Author: Jamie Kohler

Tsunami Up Close and Personal – Bande Ache, Sumatra, Indonesia

Tsunami Up Close and Personal
Bande Ache, Sumatra, Indonesia

The earth shook with the smell of sulfur and the cries of those caught in the path.

The fires began.

Bodies burned, voices cried out for loved ones and then the water. Lives forever changed. Children torn from parents arms. Arms and legs ripped from bodies, lungs filled with suffocating mud. Legs running for shelter, family, hope.

Their collective passing brought the world to attention. Individuals, countries, communities reached out.

Girl at the Hospital
Girl at the Hospital
Some with finances, some with prayer and others with personal sacrifice.

20,000, 80,000, 120,000, 230,000 dead or missing. No one really knows. Will we ever know? The worst natural disaster in the history of the world.

5 weeks later and bodies were still being pulled from the mud and debris. These grim discoveries continue today.

We only met the survivors. We helped them to breathe; infused their veins with powerful antibiotics; removed their tumors, and limbs; released their contractures; set their fractures; even treated their worms.

We listened to their stories: how they clung to trees, threatened by snakes and alligators; inhaled the brackish waters; dug out of the rubble; and found their best friends and families in piles of the dead.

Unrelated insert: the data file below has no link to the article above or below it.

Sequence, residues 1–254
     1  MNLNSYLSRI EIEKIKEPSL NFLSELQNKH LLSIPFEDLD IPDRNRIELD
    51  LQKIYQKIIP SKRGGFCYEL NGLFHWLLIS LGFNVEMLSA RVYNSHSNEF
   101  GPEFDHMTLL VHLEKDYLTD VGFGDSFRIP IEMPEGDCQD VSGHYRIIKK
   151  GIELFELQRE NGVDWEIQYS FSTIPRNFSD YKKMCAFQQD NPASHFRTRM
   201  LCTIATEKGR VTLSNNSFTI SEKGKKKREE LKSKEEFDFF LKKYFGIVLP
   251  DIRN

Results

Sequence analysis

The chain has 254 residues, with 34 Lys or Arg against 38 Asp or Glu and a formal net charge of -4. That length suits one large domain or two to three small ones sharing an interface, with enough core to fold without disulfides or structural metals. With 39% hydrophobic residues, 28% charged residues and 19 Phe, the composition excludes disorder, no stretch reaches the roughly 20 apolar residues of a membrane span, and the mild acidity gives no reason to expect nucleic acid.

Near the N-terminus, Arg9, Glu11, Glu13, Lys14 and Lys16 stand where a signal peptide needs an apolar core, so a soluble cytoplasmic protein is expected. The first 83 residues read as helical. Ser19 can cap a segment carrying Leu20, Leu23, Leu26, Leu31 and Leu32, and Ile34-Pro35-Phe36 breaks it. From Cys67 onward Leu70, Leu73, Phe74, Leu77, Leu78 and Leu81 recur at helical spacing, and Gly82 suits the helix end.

Patients on Flight Deck
Patients on Flight Deck
We met their parents, siblings, aunts and uncles. In some cases all that was left of family. Their losses almost too much to bear: children ripped from arms; whole families gone; people returning with tents to their devastated land, close to the water, because for generations, home had always been there.

And we saw the beginnings of healing, of hope. In the wards the patients and their families cared for each other; fed and bathed each other; prayed together, five times a day, each time in clean hospital scrubs. They drew pictures, played cards, played guitar and sang.

Fractured lives starting anew.

The art told us much. From the little town of Lamno, south of Banda Aceh, a child’s drawing of water, boats and ocean says: “Our world before the tsunami. It is gone now.” And the 15-year-old artist’s sketch of herself, before finding her best friend, dead in the rubble, “Where is my family? Help me please.”

Crushed Car
Crushed Car
Cared for, they show their love and gratitude through art. “I love nurses USA. Thank you. People Aceh.” On a T-shirt: “Mercy, thank you all!” as they left the ship to return to what was left of “home”.

A people in chaos, infrastructure lost, roads gone, hospitals buried.

A proud people, these Acehinese, determined to recover.

And an Indonesian government determined to help them regain their dignity, asking us all to leave soon, so they can take over, rebuild this people’s country.

They are survivors.

Lives were not lost in vain; no one will ever be the same again. Life will not be the same.